# Time dilation confusion

I've seen an experiment with a light clock that explains time dilation. A photon is fired and gets reflected off of 2 parallel mirrors. It keeps bouncing back and forth like that, with each bounce qualifying as one tick of the clock. And it looks like that from a stationary reference frame. Now if the clock is moving to the right at some highs speed relative to us, the photon would need to travel in a triangular path. Therefor it takes longer for the clock to tick considering that the speed of light or a photon is constant and equal "c" for all reference frames. I'm sure you all know what the diagram of this experiment looks like: http://spiff.rit.edu/classes/phys200/lectures/dilation/red_time_a.gif

Now here's what I don't understand. Imagine the same scenario, now with a person in the same reference frame as the clock inside a space ship. So now we have that person and our light clock moving to the right at some high speed. The person looks at the clock, a photon is fired straight up from the bottom mirror to the top mirror so it's just bouncing back and forth infinitely. When we look at the photon being fired, wouldn't the photon just travel straight up and down a few times (non triangular path) and then just slam into the back of the spaceship (because the space ship is moving towards it). That's what I don't understand. Because from what I've read, the photon is moving to the right with the entire space ship. How does it get that velocity to the right when the speed of electromagnetic waves is not dependant of the speed of the source. Why wouldn't the photon slam into the back of the spaceship?

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Imagine you are in an almost empty 747 airplane, seats removed, flying at a high and constant velocity and without any turbulence.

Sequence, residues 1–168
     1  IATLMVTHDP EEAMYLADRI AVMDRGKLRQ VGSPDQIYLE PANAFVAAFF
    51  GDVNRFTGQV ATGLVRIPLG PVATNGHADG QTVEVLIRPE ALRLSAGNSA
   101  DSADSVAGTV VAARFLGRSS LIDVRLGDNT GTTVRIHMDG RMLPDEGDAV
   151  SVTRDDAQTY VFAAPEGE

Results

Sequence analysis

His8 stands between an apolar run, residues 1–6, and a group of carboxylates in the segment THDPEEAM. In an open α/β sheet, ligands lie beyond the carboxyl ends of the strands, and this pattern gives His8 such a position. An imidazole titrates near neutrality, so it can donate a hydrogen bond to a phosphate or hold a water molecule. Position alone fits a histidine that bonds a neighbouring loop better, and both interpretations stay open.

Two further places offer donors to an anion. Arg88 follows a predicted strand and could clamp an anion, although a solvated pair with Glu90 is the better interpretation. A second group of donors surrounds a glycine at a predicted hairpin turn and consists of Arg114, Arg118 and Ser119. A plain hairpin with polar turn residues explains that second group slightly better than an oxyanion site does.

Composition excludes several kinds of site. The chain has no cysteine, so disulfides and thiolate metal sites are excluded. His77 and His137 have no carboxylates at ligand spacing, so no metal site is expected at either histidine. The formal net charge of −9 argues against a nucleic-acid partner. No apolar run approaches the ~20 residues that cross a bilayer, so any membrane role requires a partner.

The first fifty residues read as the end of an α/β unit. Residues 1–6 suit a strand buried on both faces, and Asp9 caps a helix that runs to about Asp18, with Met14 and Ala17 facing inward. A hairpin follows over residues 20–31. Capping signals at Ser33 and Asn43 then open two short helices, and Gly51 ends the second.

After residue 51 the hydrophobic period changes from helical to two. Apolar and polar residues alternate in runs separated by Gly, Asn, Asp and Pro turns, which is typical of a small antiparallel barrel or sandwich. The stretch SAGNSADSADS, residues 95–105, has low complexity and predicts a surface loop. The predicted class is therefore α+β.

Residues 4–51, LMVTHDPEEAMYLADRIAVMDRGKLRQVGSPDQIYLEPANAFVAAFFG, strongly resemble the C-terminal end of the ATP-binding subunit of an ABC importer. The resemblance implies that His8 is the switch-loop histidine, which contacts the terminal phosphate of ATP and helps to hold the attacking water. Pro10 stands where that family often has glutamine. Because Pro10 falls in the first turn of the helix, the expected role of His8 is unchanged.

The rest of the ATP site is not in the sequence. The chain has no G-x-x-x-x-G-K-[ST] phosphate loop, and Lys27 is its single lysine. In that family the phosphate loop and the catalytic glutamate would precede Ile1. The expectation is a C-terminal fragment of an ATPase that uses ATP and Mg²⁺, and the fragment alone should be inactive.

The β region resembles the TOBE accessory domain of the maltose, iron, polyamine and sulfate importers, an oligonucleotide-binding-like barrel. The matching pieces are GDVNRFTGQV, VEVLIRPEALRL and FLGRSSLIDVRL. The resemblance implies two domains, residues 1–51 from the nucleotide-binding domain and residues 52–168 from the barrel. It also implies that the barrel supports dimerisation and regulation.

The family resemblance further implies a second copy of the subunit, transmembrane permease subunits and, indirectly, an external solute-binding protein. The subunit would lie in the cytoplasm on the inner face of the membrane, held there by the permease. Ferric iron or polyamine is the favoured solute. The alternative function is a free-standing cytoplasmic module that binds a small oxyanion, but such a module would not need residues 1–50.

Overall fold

Or play table tennis?

Would the ball slam into the back of the plane or would it simply come straight up?
Or when you use the water faucet does the water crash against the wall instead of going straight down?

So does that mean that inertia applies to photons also?

So does that mean that inertia applies to photons also?
What would happen when you shine a laser pointer to the roof of the plane, does the light beam curve or does it go straight up?

There is a recurring confusion about this, usually from reading Einstein translated from the German, or from other sources that don't clear the distinction carefully. The translations use the word "velocity" for the German word meaning simply "speed". But velocity includes direction...

So, when you read that the "velocity" of light is independent from the source motion, one may think this includes both speed and direction, and then it does seem to suggest that the light shouldn't "carry long" with a moving source because of the light's direction (the direction being at right angle for the local observer with the clock, but if also at right angle from the perspective of an observer at rest, that observer would expect the light to be left behind the advancing mirrors and hit the space craft wall).

But only light's speed is independent of the source motion, not its velocity (not the direction component).